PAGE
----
Tax filings, too, can be simpler for C corporations, especially compared to S corps when earnings flow through to owners, generating complex individual returns and requiring estimated quarterly payments for both the corporation and each individual owner.

A final consideration is how much state tax the corporation pays. After the recent tax changes, C corps can still deduct all their state and local taxes (SALT) whereas owners of pass-throughs can only deduct up to $10,000 in SALT deductions. That can be a significant consideration in states with higher state and local taxes, such as New York, California and New Jersey.

Reorganizing your business should only be done after consulting with a specialist who can help crunch the numbers and run a cost-benefit analysis. Of course, any analysis is only as good as the business data and forecasts that are input at the start of the process. So, it's essential to take the time to create robust data and to consider various future scenarios about such things as a potential sale or transfer of the business.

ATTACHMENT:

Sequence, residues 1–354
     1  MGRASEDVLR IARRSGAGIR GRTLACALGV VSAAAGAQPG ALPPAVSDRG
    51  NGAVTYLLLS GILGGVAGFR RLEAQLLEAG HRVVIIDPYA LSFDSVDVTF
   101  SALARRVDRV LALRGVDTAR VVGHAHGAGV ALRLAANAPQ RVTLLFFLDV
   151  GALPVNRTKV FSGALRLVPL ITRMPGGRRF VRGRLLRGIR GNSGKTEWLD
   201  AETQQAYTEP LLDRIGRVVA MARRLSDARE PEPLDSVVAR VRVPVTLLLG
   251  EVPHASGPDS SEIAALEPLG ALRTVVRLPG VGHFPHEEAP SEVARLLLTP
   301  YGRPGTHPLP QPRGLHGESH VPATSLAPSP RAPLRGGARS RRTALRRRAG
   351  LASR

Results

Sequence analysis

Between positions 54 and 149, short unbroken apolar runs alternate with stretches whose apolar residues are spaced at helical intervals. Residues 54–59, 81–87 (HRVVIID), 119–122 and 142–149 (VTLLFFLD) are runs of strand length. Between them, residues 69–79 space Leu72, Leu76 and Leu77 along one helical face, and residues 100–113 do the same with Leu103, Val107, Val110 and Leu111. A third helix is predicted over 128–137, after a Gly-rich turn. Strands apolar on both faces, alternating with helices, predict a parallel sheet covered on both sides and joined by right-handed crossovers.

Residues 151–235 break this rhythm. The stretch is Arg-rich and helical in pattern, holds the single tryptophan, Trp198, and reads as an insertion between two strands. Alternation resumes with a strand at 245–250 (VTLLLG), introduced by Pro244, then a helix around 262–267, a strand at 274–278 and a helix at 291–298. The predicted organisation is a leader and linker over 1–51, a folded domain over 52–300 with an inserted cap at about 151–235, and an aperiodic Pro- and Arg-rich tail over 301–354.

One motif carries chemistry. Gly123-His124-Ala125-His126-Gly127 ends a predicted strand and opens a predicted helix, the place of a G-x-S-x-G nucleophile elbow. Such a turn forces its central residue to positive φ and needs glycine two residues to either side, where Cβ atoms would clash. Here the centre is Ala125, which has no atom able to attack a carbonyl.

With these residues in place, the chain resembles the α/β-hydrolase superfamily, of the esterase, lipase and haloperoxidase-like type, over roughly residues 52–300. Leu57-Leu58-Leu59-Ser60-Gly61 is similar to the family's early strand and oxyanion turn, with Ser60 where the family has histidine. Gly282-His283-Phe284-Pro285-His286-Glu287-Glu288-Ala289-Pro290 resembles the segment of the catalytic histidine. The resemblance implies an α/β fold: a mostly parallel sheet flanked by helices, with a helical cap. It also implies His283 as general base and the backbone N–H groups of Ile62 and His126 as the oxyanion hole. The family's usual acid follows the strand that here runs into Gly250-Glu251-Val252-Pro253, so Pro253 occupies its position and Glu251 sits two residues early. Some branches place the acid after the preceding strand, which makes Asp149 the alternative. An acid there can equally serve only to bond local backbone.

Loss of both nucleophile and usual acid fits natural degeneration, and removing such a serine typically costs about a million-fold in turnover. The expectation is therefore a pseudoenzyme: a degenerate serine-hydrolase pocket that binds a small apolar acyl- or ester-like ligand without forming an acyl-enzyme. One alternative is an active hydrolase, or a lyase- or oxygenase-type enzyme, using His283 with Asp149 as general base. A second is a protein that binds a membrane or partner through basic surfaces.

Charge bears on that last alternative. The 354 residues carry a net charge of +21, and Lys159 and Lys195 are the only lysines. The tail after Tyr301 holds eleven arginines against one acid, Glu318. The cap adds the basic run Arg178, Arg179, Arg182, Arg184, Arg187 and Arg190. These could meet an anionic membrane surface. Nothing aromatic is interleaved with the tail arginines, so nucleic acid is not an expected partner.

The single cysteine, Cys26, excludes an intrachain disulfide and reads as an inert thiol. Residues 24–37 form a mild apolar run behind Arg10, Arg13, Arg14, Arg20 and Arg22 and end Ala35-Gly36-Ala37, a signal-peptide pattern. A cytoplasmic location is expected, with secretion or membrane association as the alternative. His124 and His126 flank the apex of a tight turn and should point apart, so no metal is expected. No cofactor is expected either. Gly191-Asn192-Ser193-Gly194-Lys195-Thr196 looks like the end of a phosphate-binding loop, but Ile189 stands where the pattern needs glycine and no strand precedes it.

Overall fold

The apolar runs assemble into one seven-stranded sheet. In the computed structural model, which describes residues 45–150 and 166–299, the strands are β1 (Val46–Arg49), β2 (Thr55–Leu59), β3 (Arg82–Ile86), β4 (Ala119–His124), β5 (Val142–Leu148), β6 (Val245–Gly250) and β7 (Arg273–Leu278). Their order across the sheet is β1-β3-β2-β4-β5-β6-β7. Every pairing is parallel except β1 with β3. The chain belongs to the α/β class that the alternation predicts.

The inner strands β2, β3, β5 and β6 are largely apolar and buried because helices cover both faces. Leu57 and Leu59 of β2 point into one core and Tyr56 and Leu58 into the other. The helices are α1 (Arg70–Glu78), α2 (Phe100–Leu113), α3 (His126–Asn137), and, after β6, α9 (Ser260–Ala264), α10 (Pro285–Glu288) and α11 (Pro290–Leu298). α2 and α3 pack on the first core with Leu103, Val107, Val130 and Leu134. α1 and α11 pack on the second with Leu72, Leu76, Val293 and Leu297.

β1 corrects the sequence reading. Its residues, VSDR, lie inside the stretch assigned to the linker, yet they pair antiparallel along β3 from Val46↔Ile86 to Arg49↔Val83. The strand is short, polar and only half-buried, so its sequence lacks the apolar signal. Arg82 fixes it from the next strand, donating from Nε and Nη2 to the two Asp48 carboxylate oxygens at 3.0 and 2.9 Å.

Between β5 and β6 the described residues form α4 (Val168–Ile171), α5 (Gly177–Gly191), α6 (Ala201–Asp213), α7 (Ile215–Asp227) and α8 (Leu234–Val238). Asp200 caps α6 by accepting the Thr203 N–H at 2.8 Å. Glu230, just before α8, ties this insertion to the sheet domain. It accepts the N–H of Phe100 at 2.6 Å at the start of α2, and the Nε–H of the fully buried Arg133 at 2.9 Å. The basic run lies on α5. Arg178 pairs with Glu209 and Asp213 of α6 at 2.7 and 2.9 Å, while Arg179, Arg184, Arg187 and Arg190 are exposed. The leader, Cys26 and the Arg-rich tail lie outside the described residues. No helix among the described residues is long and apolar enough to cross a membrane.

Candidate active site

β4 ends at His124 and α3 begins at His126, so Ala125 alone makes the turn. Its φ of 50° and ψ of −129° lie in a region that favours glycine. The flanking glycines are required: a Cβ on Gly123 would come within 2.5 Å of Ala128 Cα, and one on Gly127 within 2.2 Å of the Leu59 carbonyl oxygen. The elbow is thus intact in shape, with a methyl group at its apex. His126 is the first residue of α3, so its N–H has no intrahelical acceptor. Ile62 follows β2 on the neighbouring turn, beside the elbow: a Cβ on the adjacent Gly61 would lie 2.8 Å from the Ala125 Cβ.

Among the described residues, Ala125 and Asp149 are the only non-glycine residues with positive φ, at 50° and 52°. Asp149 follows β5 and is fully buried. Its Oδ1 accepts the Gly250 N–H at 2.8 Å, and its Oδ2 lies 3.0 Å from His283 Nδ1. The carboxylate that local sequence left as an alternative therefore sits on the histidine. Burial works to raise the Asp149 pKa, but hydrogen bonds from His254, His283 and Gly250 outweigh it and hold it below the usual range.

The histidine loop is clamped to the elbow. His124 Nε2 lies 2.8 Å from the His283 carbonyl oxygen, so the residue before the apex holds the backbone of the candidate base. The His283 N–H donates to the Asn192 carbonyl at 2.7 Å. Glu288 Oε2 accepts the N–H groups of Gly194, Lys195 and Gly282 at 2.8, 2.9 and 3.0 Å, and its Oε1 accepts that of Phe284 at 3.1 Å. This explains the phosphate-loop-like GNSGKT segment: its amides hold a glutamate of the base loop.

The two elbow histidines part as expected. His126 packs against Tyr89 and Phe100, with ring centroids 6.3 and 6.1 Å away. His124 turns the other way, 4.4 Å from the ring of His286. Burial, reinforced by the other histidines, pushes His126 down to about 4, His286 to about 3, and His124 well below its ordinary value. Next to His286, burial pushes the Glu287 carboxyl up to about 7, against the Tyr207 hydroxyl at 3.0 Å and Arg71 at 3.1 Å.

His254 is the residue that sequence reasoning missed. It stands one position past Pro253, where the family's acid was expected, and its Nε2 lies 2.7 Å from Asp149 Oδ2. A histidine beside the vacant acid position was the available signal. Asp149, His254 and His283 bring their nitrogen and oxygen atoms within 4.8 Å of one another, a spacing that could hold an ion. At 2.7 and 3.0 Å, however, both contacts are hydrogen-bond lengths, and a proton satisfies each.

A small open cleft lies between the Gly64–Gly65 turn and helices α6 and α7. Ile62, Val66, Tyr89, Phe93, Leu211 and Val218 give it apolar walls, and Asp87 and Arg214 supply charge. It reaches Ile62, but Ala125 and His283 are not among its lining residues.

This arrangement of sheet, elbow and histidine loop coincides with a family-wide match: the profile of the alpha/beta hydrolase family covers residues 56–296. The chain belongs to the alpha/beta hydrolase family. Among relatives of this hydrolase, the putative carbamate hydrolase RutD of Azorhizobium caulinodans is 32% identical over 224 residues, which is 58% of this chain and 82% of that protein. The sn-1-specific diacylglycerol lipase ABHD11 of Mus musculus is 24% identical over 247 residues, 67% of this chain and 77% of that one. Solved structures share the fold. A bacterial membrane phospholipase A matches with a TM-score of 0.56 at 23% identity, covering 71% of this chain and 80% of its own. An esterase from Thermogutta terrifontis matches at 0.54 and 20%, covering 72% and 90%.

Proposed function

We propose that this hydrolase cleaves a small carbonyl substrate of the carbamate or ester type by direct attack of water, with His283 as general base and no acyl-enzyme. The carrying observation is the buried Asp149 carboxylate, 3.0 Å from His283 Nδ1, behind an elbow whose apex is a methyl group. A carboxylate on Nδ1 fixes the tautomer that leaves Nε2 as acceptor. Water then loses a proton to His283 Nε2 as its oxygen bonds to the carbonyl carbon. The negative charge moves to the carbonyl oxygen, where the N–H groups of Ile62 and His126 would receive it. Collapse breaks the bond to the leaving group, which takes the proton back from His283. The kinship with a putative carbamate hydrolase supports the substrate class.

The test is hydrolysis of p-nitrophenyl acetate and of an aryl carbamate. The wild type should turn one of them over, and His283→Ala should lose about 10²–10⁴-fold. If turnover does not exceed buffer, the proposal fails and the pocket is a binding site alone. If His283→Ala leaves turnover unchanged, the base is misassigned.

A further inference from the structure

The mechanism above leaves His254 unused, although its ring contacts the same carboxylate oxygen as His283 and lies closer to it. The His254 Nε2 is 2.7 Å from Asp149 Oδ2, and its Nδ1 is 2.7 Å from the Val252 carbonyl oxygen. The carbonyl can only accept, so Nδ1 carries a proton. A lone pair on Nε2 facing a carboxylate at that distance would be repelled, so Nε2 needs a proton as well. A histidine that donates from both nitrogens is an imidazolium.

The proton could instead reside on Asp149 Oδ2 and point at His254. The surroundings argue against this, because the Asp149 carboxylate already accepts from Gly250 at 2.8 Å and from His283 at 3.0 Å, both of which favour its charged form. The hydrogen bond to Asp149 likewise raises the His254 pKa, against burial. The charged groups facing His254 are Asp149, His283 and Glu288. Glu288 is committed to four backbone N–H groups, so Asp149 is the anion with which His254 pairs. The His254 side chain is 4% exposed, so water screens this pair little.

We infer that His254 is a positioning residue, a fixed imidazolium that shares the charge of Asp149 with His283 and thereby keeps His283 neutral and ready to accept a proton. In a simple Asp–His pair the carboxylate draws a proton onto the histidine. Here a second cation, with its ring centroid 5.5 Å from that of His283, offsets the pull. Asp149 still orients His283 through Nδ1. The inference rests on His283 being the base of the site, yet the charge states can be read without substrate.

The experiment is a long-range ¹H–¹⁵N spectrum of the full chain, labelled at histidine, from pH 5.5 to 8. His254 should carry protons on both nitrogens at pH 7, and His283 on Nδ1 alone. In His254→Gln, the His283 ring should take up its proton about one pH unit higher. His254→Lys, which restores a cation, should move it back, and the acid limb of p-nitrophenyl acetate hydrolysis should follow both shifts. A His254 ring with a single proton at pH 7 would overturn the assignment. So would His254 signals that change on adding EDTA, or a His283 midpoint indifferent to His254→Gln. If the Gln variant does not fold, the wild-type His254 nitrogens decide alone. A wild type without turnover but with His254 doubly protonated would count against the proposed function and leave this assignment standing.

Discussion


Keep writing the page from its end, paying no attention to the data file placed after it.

Done well, that analysis will produce a plan to take full advantage of every tax code opportunity.

Kurt Piwko

Entrepreneur Leadership Network® Contributor

Partner at Plante Moran

As a partner with the firm’s National Tax Office, Kurt Piwko specializes in all aspects of purchase and sale transactions for private equity funds, portfolio companies and privately held businesses. He received his BS and MS in accounting and from Michigan State University.